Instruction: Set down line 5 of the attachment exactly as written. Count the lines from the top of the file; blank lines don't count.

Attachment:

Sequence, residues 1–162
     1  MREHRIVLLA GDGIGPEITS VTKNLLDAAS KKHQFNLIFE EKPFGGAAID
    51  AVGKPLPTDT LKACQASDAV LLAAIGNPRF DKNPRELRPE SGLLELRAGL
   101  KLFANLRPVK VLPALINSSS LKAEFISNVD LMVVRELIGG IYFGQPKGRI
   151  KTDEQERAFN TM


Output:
   151  KTDEQERAFN TM